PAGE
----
From the Mouth of the Whale
A novel, by Sjón
Telegram Books, London, 2011
Translated by Victoria Cribb
This story of Jónas Pálmason, a self-taught seventeen-century Icelandic healer, naturalist and heretic (loosely based on the real Jon Gudmundsson the Learned), is a wild hallucination from start to finish. Sjón’s vivid imagery and constant shifting of tone makes it a somewhat difficult read, but I found it to be rewarding enough to stick with to the end. Jónas is a misfit in a world of petty and small minded men: he is persecuted for years, banished to a small island, is humiliated and threatened. His tale captures the feel of 17th century Iceland. The inspiration of the natural world and Jónas’ sometimes mystical interpretation of it is a constant theme. He perseveres even as his children and wife are cruelly taken from him. His merciless condemnation of those who have power over him could be taken as Sjon's indictment of the modern day financial “Vikings” who nearly destroyed the Icelandic economy, but that might just be me reading too much into it. There are numerous incidents based on Icelandic history (including the slaughter of Basque whalers) while other events occur which are fantastic, to say the least (see title.)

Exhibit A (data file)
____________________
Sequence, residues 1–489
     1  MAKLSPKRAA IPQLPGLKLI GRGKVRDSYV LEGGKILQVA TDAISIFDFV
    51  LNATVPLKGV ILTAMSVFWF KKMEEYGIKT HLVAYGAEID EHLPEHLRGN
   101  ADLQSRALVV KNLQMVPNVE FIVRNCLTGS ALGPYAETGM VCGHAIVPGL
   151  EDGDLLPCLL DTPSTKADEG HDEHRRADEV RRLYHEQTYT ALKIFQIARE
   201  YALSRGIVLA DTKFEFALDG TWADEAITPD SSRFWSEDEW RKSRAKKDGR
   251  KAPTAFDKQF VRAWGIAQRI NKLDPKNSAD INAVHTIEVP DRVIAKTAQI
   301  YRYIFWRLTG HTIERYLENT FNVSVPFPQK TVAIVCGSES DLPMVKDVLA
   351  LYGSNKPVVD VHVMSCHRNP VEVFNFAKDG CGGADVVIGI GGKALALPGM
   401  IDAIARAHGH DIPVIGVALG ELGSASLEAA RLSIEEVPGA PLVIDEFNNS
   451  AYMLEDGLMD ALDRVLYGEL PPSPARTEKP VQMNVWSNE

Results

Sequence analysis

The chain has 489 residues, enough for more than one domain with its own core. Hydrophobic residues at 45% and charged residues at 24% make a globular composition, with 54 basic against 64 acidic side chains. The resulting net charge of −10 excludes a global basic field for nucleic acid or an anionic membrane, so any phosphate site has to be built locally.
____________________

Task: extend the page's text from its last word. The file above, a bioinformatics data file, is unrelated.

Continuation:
I can’t think of another contemporary writer who is working in these areas. Sjón is a modern, but this writing is presented in an almost archaic style. Victoria Cribb’s translation realizes this beautifully—I think she works better in this mode than she does in modern crime fiction. If you are looking for a challenge, this might be just the book for you. It is is more than a bit “Icelandic,” the wider the knowledge of Iceland’s history you have, the more you'll appreciate this unique book.